The linguistic talent was the main cultural expression in pre Islamic Arabia and reached its peak just before the rise of Islam. Indeed, the Arabs’ passion to poetry never waned throughout history, and even today, their craze to this art has no equal. The immediate influence of Islam on Arabic poetry, in other words on the Arab’s main cultural expression, was dramatic- Islam killed the Arabs passion for poetry. It took over a century to revive the art of Arabic poetry to recover from the devastating blow of Islam.
Mohammed hated the poets because they attracted the Arabs’ attention and distracted them from listening to his Quran. In addition, some poets produced works, called hijaa, which ridiculed Mohammed.
In pre-Islamic Arabia, poetry had a status in the society similar to today’s free press; the poets were the writers, journalists and chroniclers. Their poems were the testimonies of their fine culture, traditions and ethos. As far as my knowledge in history goes, that was the only time when the Arabs really enjoyed the real freedom of expression. It is ironic that Muslims refer to that era as the era of ignorance or ‘jahylyia’! In such a climate of free expression, it was acceptable for poets to discuss the society’s current affairs and express their free opinions. Poets frequently composed poetry to praise (called madeeh) or condemn (called hija) public personalities. It was traditional for those people who were the subjects of critical poetry (hija) to respond in kind by composing equally powerful poetry. The rich and famous used to employ professional bards to do it for them; otherwise they had to concede defeat.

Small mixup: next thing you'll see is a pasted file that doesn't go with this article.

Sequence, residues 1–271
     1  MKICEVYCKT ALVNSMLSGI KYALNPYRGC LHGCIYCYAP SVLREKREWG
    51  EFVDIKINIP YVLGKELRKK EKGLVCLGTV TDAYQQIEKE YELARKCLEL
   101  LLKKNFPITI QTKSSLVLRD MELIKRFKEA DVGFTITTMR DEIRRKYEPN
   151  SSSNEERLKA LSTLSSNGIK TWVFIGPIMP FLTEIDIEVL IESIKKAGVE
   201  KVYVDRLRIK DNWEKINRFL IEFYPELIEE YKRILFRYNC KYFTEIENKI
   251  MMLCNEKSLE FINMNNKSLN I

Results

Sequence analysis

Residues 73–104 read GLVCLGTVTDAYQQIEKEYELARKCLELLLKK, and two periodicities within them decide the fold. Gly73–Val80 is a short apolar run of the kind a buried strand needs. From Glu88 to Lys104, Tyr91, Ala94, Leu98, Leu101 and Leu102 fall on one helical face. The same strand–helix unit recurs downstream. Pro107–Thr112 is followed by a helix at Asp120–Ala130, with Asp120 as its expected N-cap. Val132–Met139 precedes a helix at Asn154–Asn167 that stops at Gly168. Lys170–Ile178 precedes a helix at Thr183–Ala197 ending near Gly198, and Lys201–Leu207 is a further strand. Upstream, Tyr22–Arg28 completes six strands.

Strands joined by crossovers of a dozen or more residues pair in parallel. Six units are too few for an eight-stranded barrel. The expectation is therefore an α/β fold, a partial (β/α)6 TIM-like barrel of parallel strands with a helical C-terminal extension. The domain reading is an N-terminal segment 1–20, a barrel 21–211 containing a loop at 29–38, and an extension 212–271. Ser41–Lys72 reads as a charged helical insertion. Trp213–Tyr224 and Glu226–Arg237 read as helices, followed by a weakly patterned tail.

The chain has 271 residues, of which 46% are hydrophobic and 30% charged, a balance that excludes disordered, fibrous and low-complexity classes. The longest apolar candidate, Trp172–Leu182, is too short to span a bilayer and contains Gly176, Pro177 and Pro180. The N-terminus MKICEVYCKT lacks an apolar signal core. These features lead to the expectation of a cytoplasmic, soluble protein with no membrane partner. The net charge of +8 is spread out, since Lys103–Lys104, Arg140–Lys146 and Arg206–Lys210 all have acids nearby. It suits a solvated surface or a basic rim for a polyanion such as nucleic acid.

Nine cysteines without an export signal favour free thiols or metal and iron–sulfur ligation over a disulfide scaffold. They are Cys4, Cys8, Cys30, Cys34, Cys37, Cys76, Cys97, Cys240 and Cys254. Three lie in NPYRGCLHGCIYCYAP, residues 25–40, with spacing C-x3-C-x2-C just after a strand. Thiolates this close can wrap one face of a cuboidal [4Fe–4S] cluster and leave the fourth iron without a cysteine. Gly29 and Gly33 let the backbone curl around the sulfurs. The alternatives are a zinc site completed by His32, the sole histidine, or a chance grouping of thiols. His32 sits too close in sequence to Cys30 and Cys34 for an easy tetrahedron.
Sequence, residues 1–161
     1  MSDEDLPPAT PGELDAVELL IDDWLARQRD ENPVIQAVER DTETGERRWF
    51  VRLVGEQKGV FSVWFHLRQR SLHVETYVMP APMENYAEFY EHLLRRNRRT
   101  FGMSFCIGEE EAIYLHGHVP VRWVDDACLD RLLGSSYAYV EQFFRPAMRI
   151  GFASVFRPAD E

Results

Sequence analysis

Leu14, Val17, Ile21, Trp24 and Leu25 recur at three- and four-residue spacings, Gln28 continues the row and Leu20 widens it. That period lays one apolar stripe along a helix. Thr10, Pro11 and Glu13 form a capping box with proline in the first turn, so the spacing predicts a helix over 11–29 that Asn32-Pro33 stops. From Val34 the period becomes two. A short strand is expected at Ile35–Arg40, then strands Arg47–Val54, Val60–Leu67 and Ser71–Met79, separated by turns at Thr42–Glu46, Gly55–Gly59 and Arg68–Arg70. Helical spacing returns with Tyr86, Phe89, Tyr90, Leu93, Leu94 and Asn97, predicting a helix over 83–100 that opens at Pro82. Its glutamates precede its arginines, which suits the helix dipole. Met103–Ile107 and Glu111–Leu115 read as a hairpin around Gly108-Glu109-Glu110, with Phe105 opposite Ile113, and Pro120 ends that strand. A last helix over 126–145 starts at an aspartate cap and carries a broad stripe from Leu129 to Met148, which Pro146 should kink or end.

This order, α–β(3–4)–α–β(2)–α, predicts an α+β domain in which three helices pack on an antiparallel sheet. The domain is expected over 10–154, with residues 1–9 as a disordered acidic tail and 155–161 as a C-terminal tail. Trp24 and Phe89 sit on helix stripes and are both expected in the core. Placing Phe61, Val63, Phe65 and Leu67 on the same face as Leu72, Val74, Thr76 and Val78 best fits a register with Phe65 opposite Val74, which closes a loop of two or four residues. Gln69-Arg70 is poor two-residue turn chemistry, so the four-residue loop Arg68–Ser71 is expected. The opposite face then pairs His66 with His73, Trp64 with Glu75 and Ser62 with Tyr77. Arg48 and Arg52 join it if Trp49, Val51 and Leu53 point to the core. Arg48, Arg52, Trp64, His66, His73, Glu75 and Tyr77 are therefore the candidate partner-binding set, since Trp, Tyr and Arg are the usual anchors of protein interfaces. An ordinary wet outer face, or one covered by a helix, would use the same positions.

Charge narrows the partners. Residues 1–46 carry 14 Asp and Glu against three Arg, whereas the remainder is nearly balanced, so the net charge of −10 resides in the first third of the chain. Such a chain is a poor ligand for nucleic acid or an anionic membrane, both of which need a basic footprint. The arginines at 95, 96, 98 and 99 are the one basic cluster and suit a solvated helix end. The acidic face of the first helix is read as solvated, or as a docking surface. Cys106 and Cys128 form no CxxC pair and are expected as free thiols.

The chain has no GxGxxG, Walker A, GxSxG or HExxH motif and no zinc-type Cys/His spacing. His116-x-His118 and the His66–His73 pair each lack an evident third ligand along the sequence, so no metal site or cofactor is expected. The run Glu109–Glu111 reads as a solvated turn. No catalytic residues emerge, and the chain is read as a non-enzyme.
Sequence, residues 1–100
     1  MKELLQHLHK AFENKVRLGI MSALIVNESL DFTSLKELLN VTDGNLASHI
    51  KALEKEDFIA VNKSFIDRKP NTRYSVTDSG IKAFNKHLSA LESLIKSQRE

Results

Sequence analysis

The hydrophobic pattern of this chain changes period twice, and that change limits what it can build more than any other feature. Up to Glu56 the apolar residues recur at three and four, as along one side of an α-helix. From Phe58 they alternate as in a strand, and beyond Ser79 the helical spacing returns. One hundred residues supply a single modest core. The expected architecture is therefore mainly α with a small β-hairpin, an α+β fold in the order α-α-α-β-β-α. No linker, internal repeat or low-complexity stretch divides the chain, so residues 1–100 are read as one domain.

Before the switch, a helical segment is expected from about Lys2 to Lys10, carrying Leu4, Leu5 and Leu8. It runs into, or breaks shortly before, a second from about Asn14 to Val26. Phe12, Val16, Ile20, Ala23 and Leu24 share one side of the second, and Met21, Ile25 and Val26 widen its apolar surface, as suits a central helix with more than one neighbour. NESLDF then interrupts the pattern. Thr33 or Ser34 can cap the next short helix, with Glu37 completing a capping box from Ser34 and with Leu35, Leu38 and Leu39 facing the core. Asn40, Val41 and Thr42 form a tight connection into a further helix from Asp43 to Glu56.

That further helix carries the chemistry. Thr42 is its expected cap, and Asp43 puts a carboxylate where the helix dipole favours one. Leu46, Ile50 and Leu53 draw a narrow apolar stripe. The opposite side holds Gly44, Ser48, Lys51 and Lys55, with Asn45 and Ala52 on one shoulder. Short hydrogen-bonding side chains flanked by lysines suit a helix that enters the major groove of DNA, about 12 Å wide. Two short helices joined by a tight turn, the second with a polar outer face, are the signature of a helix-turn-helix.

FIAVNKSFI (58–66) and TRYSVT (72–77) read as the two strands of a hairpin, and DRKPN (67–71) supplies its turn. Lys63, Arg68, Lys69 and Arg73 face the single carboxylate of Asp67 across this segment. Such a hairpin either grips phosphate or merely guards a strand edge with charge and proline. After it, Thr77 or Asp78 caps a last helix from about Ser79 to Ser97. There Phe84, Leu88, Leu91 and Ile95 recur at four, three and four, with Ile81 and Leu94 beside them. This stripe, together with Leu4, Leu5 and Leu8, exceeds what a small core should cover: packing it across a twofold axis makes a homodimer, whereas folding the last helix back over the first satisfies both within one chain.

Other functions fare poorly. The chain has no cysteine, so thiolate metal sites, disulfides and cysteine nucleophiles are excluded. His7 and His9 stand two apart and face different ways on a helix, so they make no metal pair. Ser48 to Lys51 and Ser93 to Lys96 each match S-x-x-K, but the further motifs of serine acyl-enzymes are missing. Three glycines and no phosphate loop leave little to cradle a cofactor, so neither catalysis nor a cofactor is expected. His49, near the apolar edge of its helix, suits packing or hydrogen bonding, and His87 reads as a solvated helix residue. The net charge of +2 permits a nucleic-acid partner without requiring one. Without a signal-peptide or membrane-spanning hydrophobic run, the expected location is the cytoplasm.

When Mohammed was the subject of ‘hija’ he responded by composing some Quranic verses (Q.26:224) that denounce poetry in general. This was a feeble response that reflected weakness of Mohammed’s intellectual capability. With anger, Mohammed introduced to Arabia, and through his followers to the whole world, the policy of assassinations to silence his current critics and intimidate any potential ones. Mohammed brutally murdered Asmaa Bint Marwan, a female poet, as she was nursing her baby at night. His response to Um Quirfa’s poem was even more brutal; he ordered her to be tied to two camels and split her apart. Mohammed also brutally murdered Ibn Afak and Ibn AlAshraf and many others.